WMO organized a Kick-off Meeting for a global demonstration campaign on Uncrewed Aircraft Systems (UAS) in January that attracted 80 participants interested in taking part. The demonstration campaign follows a decision of the Commission for Observation, Infrastructure and Information Systems (INFCOM) in April 2021. Under the coordination of the Joint Expert Team on Aircraft-Based Observing Systems (JET-ABO), WMO is developing the terms of reference, scope and plan for the UAS Demonstration Campaign, which is expected to take place from March to August 2024. WMO is calling for interested Members to join the campaign, which will incorporate both copter and fixed-wing uncrewed aircraft.
The primary aim of the campaign will be to demonstrate the capability of UAS to provide data of sufficient quality and reliability on a routine operational basis. Additionally, it will identify any gaps in their ability to meet requirements for upper-air observations as a component system of the WIGOS Global Basic Observing Network (GBON). However, the full scope of the campaign is still being fully elaborated and will be subject to the endorsement of INFCOM and its relevant Standing Committees.
Following the WMO Workshop on Use of Unmanned Aerial Vehicles (UAV) for Operational Meteorology, 2-4 July 2019, Toulouse, France, there is a real potential for UAS to play a role in operational meteorology as a component observing system in the next 5 to 10 years. UAS are not a new technology and they have been used in research campaigns and for specific non-operational meteorological, hydrological and environmental applications and observing campaigns for several decades now. However, in recent years, these systems have moved much closer to achieving the technical capability to function with near full autonomy and to provide accurate measurement of many key weather variables, including air temperature, humidity and wind. Additionally, with the advent of low-cost componentry and efficient energy solutions, the cost of such systems and their production and operations for use is gradually decreasing. The use of drones and small unpiloted aircraft is also increasing and broadening to accommodate a range of applications and roles in other sectors. Another attraction of such observing platforms is their reusability and low environmental impact. The aims of the campaign are to demonstrate these capabilities and identify any gaps and deficiencies.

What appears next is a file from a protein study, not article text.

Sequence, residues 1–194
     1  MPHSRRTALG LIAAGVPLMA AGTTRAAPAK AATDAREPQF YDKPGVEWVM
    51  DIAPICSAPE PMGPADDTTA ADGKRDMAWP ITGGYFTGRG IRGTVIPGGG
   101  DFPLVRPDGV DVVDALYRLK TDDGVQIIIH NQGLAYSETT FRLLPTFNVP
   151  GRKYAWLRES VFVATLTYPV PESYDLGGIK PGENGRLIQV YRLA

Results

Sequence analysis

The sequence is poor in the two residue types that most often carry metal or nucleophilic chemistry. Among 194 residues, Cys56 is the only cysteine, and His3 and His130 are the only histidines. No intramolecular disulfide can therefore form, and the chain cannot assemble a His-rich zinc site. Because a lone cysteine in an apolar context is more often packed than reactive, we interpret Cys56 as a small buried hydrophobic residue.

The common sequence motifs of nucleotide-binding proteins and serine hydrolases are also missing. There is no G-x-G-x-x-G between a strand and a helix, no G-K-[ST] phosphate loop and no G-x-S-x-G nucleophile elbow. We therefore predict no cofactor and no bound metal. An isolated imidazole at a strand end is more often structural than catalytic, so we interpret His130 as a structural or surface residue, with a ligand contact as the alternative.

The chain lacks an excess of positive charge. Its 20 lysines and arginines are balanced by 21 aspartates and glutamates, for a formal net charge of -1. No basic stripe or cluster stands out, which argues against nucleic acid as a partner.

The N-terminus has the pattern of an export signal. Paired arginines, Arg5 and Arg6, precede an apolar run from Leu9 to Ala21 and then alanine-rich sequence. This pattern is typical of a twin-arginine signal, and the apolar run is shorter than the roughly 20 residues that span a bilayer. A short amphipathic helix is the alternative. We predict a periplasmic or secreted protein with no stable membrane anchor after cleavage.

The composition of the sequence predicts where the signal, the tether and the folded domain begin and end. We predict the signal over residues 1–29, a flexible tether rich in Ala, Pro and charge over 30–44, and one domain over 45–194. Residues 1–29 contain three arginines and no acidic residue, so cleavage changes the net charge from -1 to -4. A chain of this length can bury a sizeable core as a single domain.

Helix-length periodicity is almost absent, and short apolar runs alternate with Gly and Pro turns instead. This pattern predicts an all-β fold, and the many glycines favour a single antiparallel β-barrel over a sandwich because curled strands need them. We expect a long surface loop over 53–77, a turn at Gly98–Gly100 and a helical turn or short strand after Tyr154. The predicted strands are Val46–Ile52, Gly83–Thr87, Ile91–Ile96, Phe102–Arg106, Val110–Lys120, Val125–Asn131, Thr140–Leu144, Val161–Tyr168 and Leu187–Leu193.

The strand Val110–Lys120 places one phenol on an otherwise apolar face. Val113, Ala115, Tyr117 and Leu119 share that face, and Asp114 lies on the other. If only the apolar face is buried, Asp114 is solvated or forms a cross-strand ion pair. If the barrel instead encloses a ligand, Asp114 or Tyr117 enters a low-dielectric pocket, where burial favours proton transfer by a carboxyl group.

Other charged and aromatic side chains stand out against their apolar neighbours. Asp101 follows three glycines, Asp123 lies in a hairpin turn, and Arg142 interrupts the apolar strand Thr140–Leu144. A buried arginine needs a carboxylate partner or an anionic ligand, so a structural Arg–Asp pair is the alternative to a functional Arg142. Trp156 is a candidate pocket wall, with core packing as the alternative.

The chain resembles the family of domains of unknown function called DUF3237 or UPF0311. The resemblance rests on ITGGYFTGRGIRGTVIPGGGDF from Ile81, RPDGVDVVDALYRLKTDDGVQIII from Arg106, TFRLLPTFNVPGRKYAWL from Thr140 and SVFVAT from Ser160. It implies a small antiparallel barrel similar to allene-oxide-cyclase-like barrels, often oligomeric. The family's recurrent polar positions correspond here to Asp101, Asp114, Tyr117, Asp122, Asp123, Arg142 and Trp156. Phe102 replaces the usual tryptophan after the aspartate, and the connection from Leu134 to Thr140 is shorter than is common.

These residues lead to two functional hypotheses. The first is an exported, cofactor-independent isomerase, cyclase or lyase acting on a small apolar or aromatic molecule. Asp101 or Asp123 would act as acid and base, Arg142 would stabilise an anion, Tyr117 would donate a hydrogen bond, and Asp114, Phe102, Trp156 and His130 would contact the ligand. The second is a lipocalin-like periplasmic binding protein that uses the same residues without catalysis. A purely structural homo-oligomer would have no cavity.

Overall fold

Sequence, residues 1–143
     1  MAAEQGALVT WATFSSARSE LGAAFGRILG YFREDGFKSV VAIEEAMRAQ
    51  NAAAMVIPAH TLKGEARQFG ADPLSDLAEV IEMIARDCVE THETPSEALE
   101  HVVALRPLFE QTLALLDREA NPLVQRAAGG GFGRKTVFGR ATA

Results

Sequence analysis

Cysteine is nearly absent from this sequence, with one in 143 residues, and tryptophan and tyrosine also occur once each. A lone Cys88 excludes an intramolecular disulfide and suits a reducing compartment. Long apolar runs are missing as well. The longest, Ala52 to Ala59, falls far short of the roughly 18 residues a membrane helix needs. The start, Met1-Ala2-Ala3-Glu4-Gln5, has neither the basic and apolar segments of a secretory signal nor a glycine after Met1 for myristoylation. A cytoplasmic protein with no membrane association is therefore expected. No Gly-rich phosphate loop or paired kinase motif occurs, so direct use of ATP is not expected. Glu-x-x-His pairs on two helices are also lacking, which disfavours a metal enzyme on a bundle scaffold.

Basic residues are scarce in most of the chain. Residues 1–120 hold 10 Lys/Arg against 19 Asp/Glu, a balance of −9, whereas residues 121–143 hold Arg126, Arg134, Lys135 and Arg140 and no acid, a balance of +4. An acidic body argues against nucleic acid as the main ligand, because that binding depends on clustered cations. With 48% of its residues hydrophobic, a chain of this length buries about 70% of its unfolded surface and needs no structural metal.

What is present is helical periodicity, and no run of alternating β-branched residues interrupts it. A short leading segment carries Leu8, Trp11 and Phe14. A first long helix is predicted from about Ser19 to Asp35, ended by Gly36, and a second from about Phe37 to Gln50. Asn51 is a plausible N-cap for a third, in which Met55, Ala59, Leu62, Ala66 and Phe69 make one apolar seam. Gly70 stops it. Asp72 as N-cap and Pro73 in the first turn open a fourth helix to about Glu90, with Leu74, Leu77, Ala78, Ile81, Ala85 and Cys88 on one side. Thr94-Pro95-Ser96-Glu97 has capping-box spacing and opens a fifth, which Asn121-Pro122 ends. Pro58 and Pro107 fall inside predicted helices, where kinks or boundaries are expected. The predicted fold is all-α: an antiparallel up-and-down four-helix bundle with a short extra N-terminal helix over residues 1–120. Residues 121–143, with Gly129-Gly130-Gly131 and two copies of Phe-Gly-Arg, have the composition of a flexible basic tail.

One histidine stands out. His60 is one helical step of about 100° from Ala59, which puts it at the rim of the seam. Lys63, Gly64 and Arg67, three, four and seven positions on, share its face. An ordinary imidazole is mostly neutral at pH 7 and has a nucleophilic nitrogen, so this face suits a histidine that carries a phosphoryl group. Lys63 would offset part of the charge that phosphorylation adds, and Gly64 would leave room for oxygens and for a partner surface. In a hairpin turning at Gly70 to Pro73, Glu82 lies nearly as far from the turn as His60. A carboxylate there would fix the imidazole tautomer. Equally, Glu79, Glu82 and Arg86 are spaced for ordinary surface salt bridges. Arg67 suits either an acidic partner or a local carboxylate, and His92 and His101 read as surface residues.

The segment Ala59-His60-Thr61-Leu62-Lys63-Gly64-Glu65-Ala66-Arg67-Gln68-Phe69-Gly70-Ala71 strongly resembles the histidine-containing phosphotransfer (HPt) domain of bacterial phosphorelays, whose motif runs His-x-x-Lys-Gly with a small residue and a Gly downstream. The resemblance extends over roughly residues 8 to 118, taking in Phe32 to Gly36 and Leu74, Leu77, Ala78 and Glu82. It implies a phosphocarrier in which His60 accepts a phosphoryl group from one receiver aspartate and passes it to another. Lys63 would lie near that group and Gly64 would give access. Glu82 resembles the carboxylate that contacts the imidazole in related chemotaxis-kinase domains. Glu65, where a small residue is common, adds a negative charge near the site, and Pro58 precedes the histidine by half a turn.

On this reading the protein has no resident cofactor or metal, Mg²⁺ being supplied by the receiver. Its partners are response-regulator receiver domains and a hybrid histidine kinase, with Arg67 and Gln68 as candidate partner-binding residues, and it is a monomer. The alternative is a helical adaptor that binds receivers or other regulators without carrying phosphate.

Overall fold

Given that the campaign aims, there will be an important role for data users and researchers, particularly in numerical weather prediction. Both will access and make use of the data both during and after the campaign to assist with analysis and measurement of data quality and impact.
A data representation standard and associated processes will enable data provision by participant UAS operators will also be a critical component. The campaign will leverage recent work in the development of the WMO Information System (WIS) version 2.0 and improved techniques for data exchange and access by data users.
The involvement of the International Civil Aviation Organization (ICAO) and national airspace regulators and managers will also be important to provide permissions and ensure correct adherence to regulatory requirements by operators.
An important outcome of the campaign will be to analyse results from all components of the end-to-end system, including UAS operational performance and capabilities, quality of data outputs, impact on user applications and the environment and regulatory aspects.
A WMO Community Platform site has been established for the UAS Demonstration Campaign and the WMO has commenced communication with Members and other potential participants and partners regarding their possible involvement in the campaign.
WMO can be contacted about the campaign at the following email address: email@example.com